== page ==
The apparent abstraction from Tibblestone hundred of the Deerhurst hundred and of parts of Stoke Orchard and of Ashton under Hill in the 11th century, of Didcot in Beckford parish, and of Cleeve hundred in the 13th and 14th centuries, left only Hinton on the Green, most of Beckford, and part of Ashton under Hill within the Tibblestone hundred. Whereas the part of Beckford in the Tewkesbury hundred was small and distinct, Ashton under Hill was divided evenly between the two hundreds; 24 yardlands were said c. 1590 to be in the Tibblestone hundred and 26 in the Tewkesbury hundred.
In the Tibblestone parts of Ashton and Beckford, which formed a single manor, some hundredal jurisdiction belonged to the lord of the manor who in the 13th century had gallows and assize of bread and ale. The Abbot of Gloucester had the same and also view of frankpledge at Hinton, which was represented by four men and the reeve at the sheriff's tourn. By the 16th century the lord of Beckford was also said to have view of frankpledge. In 1287 the hundred was in the king's hands, and complaint was made that whereas there had formerly been only one bailiff there were then four. No court rolls are known to survive the Tibblestone hundred.
The name of the hundred is connected with an ancient stone, the Tibblestone, on the boundary of Beckford at the ancient road junction called Teddington Hands. That was presumably the hundred meeting-place; though it is at the extreme southwest end of the modern hundred, it is fairly central to the area, as argued above, comprised the hundred until the 11th century. The Tibble Stone, which was visible near the crossroads in the late 18th century, later disappeared from sight and was re-erected in 1948.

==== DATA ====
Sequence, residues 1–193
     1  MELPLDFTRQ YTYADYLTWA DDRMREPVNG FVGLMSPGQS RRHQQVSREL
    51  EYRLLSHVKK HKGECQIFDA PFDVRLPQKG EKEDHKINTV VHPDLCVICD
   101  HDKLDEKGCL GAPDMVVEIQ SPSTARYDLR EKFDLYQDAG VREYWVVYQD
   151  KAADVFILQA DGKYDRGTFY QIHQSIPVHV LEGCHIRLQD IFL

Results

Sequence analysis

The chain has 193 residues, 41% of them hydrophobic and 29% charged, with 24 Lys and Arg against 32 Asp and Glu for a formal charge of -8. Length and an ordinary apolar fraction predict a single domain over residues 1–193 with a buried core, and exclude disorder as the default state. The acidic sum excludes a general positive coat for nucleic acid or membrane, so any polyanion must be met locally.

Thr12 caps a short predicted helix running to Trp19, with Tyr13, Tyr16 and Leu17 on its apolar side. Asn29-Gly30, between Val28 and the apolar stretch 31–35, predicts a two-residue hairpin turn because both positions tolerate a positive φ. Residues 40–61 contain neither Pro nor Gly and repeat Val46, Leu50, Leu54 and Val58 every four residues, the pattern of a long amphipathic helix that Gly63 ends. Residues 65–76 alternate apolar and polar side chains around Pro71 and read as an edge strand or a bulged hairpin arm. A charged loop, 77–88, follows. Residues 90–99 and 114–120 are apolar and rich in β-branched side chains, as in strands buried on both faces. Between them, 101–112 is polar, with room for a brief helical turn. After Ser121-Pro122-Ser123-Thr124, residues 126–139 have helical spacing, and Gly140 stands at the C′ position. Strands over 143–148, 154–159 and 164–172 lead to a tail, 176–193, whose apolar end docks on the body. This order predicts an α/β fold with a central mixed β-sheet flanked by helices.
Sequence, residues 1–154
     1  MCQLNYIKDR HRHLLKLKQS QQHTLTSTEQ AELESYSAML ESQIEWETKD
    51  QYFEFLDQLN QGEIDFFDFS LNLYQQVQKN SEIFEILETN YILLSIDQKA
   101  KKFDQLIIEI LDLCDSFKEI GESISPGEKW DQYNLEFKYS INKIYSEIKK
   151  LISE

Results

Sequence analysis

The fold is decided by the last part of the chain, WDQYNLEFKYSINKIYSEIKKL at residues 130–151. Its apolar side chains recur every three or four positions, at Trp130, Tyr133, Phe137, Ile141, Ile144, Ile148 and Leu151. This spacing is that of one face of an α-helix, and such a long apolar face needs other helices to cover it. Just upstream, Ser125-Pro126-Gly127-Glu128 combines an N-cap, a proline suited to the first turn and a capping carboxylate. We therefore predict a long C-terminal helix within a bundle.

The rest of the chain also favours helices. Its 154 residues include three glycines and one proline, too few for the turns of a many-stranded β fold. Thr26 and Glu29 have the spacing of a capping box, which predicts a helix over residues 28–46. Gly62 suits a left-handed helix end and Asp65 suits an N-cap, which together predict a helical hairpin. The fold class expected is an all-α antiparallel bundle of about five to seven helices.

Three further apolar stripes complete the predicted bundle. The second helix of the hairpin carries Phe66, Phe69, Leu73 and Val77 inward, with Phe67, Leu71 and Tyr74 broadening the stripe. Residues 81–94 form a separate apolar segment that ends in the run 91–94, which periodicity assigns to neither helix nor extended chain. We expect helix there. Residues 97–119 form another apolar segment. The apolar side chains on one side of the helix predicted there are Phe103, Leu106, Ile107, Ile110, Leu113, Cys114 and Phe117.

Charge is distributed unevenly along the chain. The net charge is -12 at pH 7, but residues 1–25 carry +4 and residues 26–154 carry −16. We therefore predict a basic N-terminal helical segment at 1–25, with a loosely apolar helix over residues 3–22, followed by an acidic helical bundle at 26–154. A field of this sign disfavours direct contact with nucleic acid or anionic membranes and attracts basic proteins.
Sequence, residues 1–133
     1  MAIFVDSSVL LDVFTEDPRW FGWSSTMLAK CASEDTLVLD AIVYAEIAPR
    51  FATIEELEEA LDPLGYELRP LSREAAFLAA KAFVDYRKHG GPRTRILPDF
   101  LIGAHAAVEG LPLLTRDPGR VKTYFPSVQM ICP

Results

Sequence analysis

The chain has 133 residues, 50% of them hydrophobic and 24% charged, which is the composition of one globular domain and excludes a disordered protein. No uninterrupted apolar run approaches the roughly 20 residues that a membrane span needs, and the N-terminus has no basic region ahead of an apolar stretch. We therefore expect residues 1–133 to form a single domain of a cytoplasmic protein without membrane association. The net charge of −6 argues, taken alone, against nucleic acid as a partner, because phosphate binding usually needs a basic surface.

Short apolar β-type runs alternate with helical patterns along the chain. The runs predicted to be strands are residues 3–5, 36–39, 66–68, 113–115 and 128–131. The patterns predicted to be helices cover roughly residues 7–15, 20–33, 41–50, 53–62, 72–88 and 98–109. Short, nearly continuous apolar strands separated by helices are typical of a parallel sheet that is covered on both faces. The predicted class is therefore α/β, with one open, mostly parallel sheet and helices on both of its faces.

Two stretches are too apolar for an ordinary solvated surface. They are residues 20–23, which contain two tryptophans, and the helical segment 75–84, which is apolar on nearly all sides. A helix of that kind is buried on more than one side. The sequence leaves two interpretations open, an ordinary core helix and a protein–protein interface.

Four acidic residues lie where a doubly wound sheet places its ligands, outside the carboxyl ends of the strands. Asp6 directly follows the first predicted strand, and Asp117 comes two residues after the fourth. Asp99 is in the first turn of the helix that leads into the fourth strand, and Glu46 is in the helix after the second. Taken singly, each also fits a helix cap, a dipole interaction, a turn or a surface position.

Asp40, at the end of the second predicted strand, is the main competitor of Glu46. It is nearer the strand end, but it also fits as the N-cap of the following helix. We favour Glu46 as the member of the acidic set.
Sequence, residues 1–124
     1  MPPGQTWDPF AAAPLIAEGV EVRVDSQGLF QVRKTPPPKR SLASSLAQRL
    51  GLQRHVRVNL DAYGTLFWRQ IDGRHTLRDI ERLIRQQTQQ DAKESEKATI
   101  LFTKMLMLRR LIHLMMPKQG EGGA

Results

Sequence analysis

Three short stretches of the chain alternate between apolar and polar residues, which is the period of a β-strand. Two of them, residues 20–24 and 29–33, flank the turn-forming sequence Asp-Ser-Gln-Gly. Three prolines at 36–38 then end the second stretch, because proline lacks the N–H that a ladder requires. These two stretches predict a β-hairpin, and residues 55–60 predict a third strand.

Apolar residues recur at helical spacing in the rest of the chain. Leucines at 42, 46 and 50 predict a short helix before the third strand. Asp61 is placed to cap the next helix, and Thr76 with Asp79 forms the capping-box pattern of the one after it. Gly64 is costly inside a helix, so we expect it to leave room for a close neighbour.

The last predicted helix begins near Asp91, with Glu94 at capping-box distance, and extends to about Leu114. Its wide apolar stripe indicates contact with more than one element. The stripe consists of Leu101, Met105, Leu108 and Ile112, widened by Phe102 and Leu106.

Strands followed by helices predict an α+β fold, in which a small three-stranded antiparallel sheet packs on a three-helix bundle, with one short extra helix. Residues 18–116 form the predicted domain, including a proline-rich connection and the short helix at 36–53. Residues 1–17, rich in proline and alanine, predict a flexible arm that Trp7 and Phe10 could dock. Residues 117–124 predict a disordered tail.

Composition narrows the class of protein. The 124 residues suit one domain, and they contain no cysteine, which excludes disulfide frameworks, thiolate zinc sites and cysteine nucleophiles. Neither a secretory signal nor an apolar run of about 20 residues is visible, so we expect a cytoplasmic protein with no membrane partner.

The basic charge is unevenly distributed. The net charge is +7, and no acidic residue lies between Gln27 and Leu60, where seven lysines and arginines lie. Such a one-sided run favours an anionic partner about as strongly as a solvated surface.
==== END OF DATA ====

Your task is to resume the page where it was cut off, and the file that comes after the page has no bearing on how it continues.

"Folklore of Gloucestershire" by Roy Palmer (West Country Books 1994)
"The Place Names of Gloucestershire" by A.H.Smith Volume 2
Gloucestershire Place Names 1913
"The Old Straight Track" by Alfred Watkins (Abacus1974)
"A History of Gloucestershire" pages 243, 244
"Gotherington" Towns & Villages of England, edited by David H. Aldred
"The Tibblestone Hundred" by Fred Archer (Sutton Publishing 1996)
In Fred Archer's book, the history of the Tibblestone Hundred is traced, from its beginnings through the time when the Hundred Courts held sway in neighbour's disputes, up to his own era farming in the area, when the Hundred's successor in the Parish Council was all powerful. The book contains his reminiscences of country life on and around Bredon Hill like his previous 30 or so similar books.
"Old Stones of the Cotswolds & Forest of Dean"
A survey of megaliths and mark stones past and present by D. P. Sullivan
(Published by Reardon Publishing )
This new book is from Reardon Publishing called Old Stones of The Cotswolds. Not only is The Tibblestone on the front cover but inside there is a superb line drawing of it. The artist is Peter Reardon of Reardon Publishing. Should you wish to purchase your own copy you could visit the website www.reardon.co.uk
Just opposite the Tibblestone is a public house The Teddington Hands formerly The Cross Hands) that covers the history of the roundabout where the roads meet.
The Megalithic Portal contains a few photos, description and a Google Street View map.
For an exceptionally good photograph of the Tibblestone, go to the site of Hans-Georg Stump. He is a German photographer who enjoys visiting the ancient sites of Britain and beyond.
The Modern Antiquarian Web Site hosts eight pictures and recent field notes that visitors have made. The latest remarks come from Carl on 26th May 2010 who found the stone and gave it a gentle pat! It also gives us precise information here;
Nearest Town: Tewkesbury (7km WSW)
OS Ref (GB): SO963339 / Sheet: 150
Latitude: 52° 0' 10.95" N
Longitude: 2° 3' 14.06" W
British History Online has a page on the Tibblestone hundred, detailing the break up of the hundred as described
in the 1968 book, A History of the County of Gloucester: volume 8 by C.R. Elrington
The Heritage Journal has been maintained since March 2005 to promote awareness and the conservation of the incomparable but often-threatened prehistoric sites of Britain, Ireland and beyond. There is a great piece with fabulous photos about the Tibblestone written by Nigel Swift. The last paragraph says it all.
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Last updated on 14 November 2014